Right to petition
This article is missing information about the historic development and necessity, and the differences between governments where the right is not as strong.September 2019)(
In Europe, Article 44 of the Charter of Fundamental Rights of the European Union ensures the right to petition to the European Parliament. Basic Law for the Federal Republic of Germany guarantees the right of petition to "competent authorities and to the legislature". The right to petition in the United States is granted by the First Amendment to the United States Constitution (1791).
The prohibition of abridgment of the "right to petition" originally referred only to the Congress and the U.S. federal courts. The incorporation doctrine later expanded the protection of the right to its current scope, over all state and federal courts and legislatures, and the executive branches of the state and federal governments.
Parts of this article (those related to the remainder of this section) need to be updated. In particular: Section appears to be a bunch of WP:NOTNEWS violations about events that were recent or in the future when added, but didn't actually come into force or get ruled on by any court. Should probably be removed.. (September 2019)
The right to petition includes, under its umbrella, the petition.[clarification needed] For example, in January 2006, the U.S. Senate considered S. 2180, an omnibus "ethics reform" bill. This bill contained a provision (Section 204)    
There are ongoing[when?] conflicts between organizations that wish to impose greater restrictions on citizen's attempts to influence or "lobby" policymakers. and the right of individuals, groups, and corporations (via corporate personhood), to lobby the government.
Another controversial bill, the Executive Branch Reform Act, H.R. 984, would require over 8,000 Executive Branch officials to report into a public database nearly any "significant contact" from any "private party", a term that the bill defines to include almost all persons other than government officials. The bill defines "significant contact" to be any "oral or written communication (including electronic communication) . . . in which the private party seeks to influence official action by any officer or employee of the executive branch of the United States." This covers all forms of communication, one way or two ways, including letters, faxes, e-mails, phone messages, and petitions. The bill is supported by some organizations as an expansion of "government in the sunshine", but other groups oppose it as an infringing on the right to petition by making it impossible for citizens to communicate their views on controversial issues to government officials without those communications becoming a matter of public record.
Ancient and Imperial Chinese dynasties recognised the right to petition for all subjects. Commoners could petition the Emperor to remove local officials. The Huabiao, a ceremonial column common in traditional Chinese architecture, is believed to have originated from signboards set up by ancient rulers to offer an avenue for the public to write petitions.
In modern China the use of local petitioning bureaus remains common, however, those who remain dissatisfied still travel to the capital as a last resort to appeal to the central government. The National Public Complaints and Proposals Administration (Chinese: 国家信访局) and local bureaus of letters and calls receive suggestions and grievances. The officers then channel the issues to respective departments and monitor the progress of settlement, which they feedback to the filing parties. If unsatisfied, they can move up the hierarchy to bring complaints to the next higher level.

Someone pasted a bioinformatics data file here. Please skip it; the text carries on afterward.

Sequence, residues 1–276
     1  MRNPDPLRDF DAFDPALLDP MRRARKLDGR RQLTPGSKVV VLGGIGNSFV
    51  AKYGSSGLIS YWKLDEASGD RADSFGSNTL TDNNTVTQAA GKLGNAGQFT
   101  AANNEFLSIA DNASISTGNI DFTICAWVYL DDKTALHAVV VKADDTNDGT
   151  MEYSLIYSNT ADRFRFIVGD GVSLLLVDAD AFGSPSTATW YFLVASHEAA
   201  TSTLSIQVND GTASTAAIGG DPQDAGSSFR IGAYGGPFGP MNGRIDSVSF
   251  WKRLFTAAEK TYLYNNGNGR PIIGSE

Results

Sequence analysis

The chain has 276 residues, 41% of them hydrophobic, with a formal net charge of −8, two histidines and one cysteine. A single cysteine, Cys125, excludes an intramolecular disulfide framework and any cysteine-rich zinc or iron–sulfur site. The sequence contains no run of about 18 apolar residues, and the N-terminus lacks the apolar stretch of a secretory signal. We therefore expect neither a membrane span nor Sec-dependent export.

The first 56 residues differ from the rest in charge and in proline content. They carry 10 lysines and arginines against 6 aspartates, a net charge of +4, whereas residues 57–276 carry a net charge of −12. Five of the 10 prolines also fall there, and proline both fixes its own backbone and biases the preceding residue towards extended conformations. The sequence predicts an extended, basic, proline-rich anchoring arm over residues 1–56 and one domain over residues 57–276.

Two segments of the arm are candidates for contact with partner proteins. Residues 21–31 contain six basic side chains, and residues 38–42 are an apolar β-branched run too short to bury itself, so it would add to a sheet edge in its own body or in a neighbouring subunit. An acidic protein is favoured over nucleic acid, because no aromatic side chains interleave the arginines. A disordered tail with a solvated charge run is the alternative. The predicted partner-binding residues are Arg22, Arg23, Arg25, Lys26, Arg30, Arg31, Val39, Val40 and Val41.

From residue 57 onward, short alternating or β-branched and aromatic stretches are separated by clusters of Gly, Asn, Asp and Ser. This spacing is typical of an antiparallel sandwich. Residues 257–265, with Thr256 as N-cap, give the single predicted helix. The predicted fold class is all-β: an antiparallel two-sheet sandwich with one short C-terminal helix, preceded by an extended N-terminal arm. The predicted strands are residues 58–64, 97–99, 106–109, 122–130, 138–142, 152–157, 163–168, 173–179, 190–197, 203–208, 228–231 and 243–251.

- Charter of Fundamental Rights of the European Union (2000), Article 44
- Basic Law for the Federal Republic of Germany, Article 17[better source needed]
- "The Right to Petition". Illinois First Amendment Center. Archived from the original on April 11, 2013.
- "Honest Leadership and Open Government Act of 2006". govtrack.us.
- "Section 204". govtrack.us.[full citation needed]
- Newton, Adam. "Petition - Right to sue". First Amendment Center. Archived from the original on March 24, 2011.
- Memorandum Archived 2007-04-01 at the Wayback Machine: "Congressman Waxman advances grave new threat to citizens’ ‘right to petition’ government officials," by Douglas Johnson and Susan Muskett, J.D., National Right to Life Committee, February 20, 2007.
- Letter from Richard D. Hertling Archived 2007-06-14 at the Wayback Machine, Acting Assistant Attorney General, Office of Legislative Affairs, U.S. Department of Justice, to the Honorable Henry Waxman, Chairman, Committee on Oversight and Government Reform, U.S. House of Representatives, March 8, 2007.
- Letter from Robert I. Cusick Archived 2007-06-27 at the Wayback Machine, Director, Office of Government Ethics, to the Honorable Henry A. Waxman, Chairman, Committee on Oversight and Government Reform, U.S. House of Representatives, February 14,valentines day, 2007.
- Brook, Timothy (1999). The Confusions of Pleasure: Commerce and Culture in Ming China. University of California Press. pp. 33–34. ISBN 978-0-520-22154-3..
- Culture of Beijing: Huabiao
- James Reynolds (9 April 2009). "Petitions in China". BBC. Retrieved 2009-04-08.
- "Chinese official web site:国家信访局". Retrieved 2009-04-08.
- HRW's "Alleyway" citing Li Li, "Life in a Struggle," Beijing Review, May 4, 2005, http://www.bjreview.cn/EN/En-2005/05-45-e/china-1.htm
- HRW's "Alleyway" citing Jonathan K. Ocko, "I'll take it all the way to Beijing: Capital appeals in the Qing," Journal of Asian Studies, vol. 47.2 (May 1988), p.294